Visit to a shrine kicks off 10-part Living City video series by The Straits Times

A small Hindu shrine used by workers of Keretapi Tanah Melayu (KTM) is still being used even though the KTM railway operation in Singapore ceased in 2011.
Mr Adaikalam Annadhurai (second from right) serving lunch to devotees after morning prayers on a Saturday at the Sri Thandavaalam Muneeswaran Alayam Shrine, a little-known Hindu shrine in Queensway.
Mr Adaikalam Annadhurai (second from right) serving lunch to devotees after morning prayers on a Saturday at the Sri Thandavaalam Muneeswaran Alayam Shrine, a little-known Hindu shrine in Queensway.PHOTO: BASIL EDWARD TEO

For more than 40 years, Mr Adaikalam Annadhurai has been praying at a small Hindu shrine in Queensway.

Other than about 100 devotees who pray there, not many people visit or even know about the place.

The story behind this little-known shrine is the subject of the first episode of a 10-part video series by The Straits Times.

Each episode of the Living City series will take viewers to places and spaces in Singapore that are often overlooked.

The documentary-style videos feature interviews with people, like Mr Adaikalam, who know the subjects well.

 

Through three meetings and interviews, Mr Adaikalam told the story of how he came to be the shrine's caretaker.

The Sri Thandavaalam Muneeswaran Alayam Shrine, he said, was built by workers of Malaysian train operator Keretapi Tanah Melayu (KTM).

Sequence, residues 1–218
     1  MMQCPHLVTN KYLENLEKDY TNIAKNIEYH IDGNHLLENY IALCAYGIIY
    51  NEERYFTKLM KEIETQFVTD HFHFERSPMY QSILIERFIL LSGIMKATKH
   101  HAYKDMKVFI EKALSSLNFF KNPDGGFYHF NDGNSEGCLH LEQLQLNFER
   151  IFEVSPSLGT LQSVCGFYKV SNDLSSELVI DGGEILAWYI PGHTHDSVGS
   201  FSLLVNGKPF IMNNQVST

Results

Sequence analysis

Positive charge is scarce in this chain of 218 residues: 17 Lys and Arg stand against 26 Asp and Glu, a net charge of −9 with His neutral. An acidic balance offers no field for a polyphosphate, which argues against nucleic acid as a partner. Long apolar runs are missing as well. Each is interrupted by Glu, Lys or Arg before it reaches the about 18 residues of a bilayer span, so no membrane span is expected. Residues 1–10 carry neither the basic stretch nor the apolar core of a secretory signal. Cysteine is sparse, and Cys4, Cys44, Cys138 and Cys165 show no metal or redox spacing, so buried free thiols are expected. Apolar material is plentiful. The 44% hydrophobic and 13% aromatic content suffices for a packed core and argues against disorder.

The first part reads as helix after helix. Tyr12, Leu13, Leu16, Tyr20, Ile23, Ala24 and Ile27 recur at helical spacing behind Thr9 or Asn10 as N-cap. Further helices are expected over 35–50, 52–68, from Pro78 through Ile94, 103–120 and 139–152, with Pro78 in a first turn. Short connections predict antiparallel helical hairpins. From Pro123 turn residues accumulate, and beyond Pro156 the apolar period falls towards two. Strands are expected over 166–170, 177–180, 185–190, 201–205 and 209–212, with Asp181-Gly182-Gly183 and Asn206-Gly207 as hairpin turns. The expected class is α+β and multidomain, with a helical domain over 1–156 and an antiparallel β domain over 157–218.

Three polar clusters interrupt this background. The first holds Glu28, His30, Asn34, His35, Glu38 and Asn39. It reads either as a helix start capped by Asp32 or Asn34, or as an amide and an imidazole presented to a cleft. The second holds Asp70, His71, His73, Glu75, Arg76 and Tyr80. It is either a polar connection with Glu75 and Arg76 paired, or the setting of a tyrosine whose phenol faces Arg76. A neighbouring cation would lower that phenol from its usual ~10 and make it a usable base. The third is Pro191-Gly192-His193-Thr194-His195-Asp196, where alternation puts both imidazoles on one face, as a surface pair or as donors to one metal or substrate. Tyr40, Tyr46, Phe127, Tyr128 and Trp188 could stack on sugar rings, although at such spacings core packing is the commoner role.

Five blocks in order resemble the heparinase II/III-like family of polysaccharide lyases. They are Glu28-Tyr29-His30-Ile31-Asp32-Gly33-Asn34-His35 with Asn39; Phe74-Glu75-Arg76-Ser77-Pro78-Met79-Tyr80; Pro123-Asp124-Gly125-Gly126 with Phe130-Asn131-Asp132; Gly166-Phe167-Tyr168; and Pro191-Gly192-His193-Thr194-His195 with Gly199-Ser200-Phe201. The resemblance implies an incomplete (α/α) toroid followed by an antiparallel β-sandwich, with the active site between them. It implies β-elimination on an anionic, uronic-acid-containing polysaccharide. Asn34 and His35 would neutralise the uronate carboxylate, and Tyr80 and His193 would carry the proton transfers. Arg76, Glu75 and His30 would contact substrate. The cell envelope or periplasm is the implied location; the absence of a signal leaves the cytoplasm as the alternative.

The 64-year-old civil servant and his fellow devotees continued to pray there after KTM stopped train services in Singapore in 2011 and the land was returned to Singapore.

"After the workers left, electricity and water supply were cut off," said Mr Adaikalam.

"We bought a generator for power, and water is carried to the shrine by the devotees."

Producer Basil Edward Teo said he got the idea for the series after working on a video story on the now-defunct Rochor Centre.

"Singapore is a small country but there are many places that even Singaporeans do not know about," said the 27-year-old. "The best way to tell these stories is to talk to the people there to find out what these places mean to them."

Other episodes to look out for include a visit to an open field in Kallang which becomes a volleyball court on Sundays, and a walk among tombstones at a cemetery in Commonwealth Lane.

Living City is one of 10 programmes that Singapore Press Holdings is producing under a recently announced partnership with the Info-communications Media Development Authority.

The Straits Times is helming five of the programmes, covering themes such as current affairs, sports and entertainment.

The first of these was askST, launched on Monday, a current affairs show where ST reporters answer readers' question. A new episode of the 13-part series will run every Monday.

Sports-themed Bridget's Adventures, with a new episode every Thursday, sees ST journalist Bridget Tan taking on various challenges as she picks up new sports and activities, such as slacklining, unicycling and wake-surfing.

The episode debuting online today sees her conquering new-fangled rock climbing walls at HomeTeamNS Tampines.

The other two series are music show ST Sessions, which starts tomorrow, and Heroes Among Us, which features inspirational profiles and launches on Sunday.

These videos can be found on www.straitstimes.com/videos and other SPH sites and platforms, including AsiaOne and Stomp.

A version of this article appeared in the print edition of The Straits Times on December 08, 2016, with the headline 'Visit to a shrine kicks off 10-part Living City series'. Print Edition | Subscribe